1. Kentucky Math Teacher, Riding Wave of Public Anger, Defeats State House Majority Leader Express, Today

    Travis Brenda defeated Jonathan Shell, a powerful state legislator, in a G.O.P. primary, amid anger over changes to the state pension system.

  2. What’s Behind the Declining Fertility Rate? Letters, Today

    Readers discuss reasons for the trend, and how it may be reversed.

  3. Skipping School for Cheap Flights? You Could Be Fined in Germany Foreign, Today

    Officers in Germany recently caught 21 families trying to travel a few days before official vacations, when tickets often cost less. The fine is up to $1,200.

  4. Transgender Student in Bathroom Dispute Wins Court Ruling National, Yesterday

    Gavin Grimm was barred from using the boys’ restrooms at his Virginia high school. He sued in a case that went all the way to the Supreme Court.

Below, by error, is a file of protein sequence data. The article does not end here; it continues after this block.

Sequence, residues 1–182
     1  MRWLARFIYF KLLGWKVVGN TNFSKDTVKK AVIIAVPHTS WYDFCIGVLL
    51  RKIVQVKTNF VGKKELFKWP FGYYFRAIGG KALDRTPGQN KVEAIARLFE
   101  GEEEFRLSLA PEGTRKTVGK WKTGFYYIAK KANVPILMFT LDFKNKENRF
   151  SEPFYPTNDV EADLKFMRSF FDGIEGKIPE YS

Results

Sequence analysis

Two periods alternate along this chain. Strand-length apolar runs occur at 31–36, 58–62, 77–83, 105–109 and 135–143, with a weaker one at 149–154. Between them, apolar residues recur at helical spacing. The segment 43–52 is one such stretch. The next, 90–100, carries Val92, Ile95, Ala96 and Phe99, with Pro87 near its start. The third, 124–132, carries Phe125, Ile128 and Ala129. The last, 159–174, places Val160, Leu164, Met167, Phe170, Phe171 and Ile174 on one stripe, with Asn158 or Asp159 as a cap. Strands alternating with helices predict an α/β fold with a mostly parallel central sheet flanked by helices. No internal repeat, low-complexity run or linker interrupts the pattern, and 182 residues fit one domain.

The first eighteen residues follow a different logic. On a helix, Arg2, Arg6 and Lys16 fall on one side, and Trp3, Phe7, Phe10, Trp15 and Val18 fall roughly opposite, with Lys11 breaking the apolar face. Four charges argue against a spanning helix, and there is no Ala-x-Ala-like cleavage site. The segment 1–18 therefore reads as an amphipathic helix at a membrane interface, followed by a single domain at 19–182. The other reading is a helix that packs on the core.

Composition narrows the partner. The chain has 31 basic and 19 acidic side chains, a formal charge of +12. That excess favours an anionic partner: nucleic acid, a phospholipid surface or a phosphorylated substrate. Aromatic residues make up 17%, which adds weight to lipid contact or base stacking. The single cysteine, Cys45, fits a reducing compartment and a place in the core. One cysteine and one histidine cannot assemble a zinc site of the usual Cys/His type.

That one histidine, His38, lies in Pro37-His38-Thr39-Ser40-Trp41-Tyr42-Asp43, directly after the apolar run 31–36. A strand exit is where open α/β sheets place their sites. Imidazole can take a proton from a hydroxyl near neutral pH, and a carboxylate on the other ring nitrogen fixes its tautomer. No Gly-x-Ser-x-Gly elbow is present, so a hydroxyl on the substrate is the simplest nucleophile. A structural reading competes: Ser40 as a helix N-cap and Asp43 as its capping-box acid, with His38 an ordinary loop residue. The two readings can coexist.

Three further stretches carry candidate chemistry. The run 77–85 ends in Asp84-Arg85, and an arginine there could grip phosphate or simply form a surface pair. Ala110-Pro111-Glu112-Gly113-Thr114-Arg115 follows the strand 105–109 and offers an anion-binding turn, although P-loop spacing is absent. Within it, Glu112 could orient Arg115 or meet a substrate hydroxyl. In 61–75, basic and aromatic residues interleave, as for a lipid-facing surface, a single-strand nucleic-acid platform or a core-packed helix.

5. Why Campus Shootings Are So Shocking: School Is the ‘Safest Place’ for a Child National, Yesterday

    While homicide is among the leading causes of death for young people generally, killings at school are rare, compared with the home or the neighborhood.

  6. ‘It Has to Start Somewhere’: Grass-Roots Drive to Integrate New York Schools Metro, May 17

    Despite some opposition to one district’s middle-school integration plan, there is a growing sense in the city that it is time to act on segregation.

  7. In New York High Schools, the Sound of Music Is Muted Metro, May 13

    The city broke up big failing schools to improve academics, but at the small schools that replaced them, fielding a robust music program is a challenge.

  8. ‘Almost No One Agrees With Us’: For Rural Students, Gun Control Can Be a Lonely Cause National, Yesterday

    Speaking out in a community like Marshall County, Ky., has come at a social cost, including frayed friendships and fights with parents.

  9. The Doctor Is Cooking Well, Yesterday

    Here we were, 80 eager physicians from across North America in a large teaching kitchen in northern California.

  10. He’s ‘Old School’ — and Has the Dunce Chair to Prove It Metro, May 20

    A retired teacher turned his Manhattan apartment into a shrine to his school years. Now he’s expanding his collection citywide, to showcase his love for all things vintage public schools.

  11. New Reality for High School Students: Calculating the Risk of Getting Shot National, May 20